Types of brakes and braking systems explained

When it comes to car brakes, nothing is as straightforward as you may have thought. There are a number of forces at play which ensure your car stops when you need it to. In this article we’ll take you through the most common braking systems found in cars, as well as the two types of service brake in use today.

Do you need your brakes checked? Please call our expert team on 1300 772 579 or click here to find your nearest store.

What is the difference between a brake and a braking system?

Think of a braking system as more of a ‘style’ of braking. This is the method behind the actual mechanics. The actual brakes describe the mechanical equipment used to carry out the method. We’re covering both in this article, as it’s important to be familiar with both the brake and its system.

Types of braking systems

The following are the most common types of braking systems in cars today. It’s always good to identify which ones apply to your car for easier troubleshooting and repairs.

  • Hydraulic braking system: This system works on brake fluid, cylinders, and friction. By creating pressure within the system it forces the brake pads to stop the wheels from moving.
  • Electromagnetic braking system: Electromagnetic braking systems can be found in many new and hybrid vehicles. Electromagnetic brakes force the car to a stop by using an electric motor.
  • Servo braking system: Also known as vacuum or vacuum assisted braking. With this system, the pressure applied to the pedal by the driver is augmented.
  • Mechanical braking system: This system is one that powers the hand brake or emergency brake. Brakes are applied through mechanical linkages.

Types of brakes

The brakes you probably think of when you hear the word are your service brakes. These are the brakes that physically stop your car from moving and there are two types: the disc brake and the drum brake. Each car features two front brakes and two rear brakes. Most will either have all four as disc brakes or disc brakes in the front and drum brakes in the back.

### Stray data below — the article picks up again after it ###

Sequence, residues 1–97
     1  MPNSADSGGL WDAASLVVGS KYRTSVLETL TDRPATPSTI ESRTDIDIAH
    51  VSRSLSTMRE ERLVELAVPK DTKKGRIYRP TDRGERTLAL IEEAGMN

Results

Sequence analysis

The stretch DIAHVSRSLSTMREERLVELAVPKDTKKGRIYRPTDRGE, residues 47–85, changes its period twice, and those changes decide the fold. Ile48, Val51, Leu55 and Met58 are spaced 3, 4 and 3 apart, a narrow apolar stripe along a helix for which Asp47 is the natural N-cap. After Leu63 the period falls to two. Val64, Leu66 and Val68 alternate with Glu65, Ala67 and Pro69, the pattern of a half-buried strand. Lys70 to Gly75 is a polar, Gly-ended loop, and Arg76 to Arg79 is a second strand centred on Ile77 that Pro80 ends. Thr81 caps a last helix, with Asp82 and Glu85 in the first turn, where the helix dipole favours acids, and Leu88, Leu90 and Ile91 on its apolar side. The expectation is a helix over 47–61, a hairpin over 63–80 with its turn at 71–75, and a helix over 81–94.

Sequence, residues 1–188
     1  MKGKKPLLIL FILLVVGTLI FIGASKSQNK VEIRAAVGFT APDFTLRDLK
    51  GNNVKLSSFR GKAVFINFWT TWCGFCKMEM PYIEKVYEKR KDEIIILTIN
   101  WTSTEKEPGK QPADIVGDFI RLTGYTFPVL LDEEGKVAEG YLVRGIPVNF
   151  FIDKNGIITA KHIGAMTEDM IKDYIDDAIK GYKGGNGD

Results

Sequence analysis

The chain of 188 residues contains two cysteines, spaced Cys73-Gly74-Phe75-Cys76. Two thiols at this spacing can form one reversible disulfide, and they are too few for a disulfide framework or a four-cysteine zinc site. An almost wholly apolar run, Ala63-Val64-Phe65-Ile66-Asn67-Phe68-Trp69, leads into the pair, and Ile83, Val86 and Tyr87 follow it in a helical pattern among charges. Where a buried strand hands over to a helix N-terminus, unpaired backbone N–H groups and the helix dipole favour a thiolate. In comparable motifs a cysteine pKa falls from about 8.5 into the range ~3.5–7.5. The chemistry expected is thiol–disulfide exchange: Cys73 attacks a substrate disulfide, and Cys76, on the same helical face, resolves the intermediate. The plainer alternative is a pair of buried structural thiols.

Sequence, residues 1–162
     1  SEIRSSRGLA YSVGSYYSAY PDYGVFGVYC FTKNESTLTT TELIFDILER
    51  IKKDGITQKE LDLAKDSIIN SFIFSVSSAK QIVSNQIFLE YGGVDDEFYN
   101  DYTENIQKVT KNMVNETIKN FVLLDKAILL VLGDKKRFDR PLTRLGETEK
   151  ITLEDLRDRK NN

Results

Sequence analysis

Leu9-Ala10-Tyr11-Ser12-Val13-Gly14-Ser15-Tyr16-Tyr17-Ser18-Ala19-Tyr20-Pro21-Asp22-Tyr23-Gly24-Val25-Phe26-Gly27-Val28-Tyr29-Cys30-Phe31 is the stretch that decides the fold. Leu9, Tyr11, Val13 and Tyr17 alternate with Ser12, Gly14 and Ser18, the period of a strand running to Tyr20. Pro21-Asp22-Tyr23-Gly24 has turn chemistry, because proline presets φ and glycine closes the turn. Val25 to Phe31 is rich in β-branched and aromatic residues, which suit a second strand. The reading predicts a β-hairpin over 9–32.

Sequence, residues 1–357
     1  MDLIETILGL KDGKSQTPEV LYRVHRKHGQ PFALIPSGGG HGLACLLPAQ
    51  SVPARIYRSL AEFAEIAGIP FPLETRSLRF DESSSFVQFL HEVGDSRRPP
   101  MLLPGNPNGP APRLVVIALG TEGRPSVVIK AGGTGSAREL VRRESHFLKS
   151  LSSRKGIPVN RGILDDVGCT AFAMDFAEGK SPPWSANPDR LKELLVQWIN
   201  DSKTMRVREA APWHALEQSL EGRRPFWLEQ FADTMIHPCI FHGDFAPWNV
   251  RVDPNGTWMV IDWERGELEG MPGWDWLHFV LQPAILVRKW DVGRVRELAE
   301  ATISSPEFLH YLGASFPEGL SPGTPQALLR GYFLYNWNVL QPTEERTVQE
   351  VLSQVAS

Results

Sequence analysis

• Disc brakes: Disc brakes are made up of a disc brake rotor, calliper, and brake pads. When pressure is applied through a hydraulic system the brake pads are pushed against the brake rotor, which causes the car to stop.
  • Drum brakes: The main parts of a drum brake system are the brake drum, brake shoes, wheel cylinder and brake springs. The brake shoes are contained within the brake drum, and when pressure is applied to the wheel cylinder, the brake shoes press against the drum, which cause the car to stop. The brake springs reduce drag by pulling the brake shoes back away from the drum when you take your foot off the brake pedal.

What are anti-lock brakes?

Not everyone agrees on whether anti-lock is a type of brake, a braking system, or simply a safety feature which makes the act of sudden braking a lot smoother for your car. Most new cars are fitted with anti-lock braking systems (ABS) and they work by preventing the wheels from locking up when the driver brakes suddenly. This helps reduce the overall stopping and aids control by preventing skidding, particularly in wet conditions.

Do you need your brakes checked? Please call our expert team on 1300 772 579 or click here to find your nearest store.

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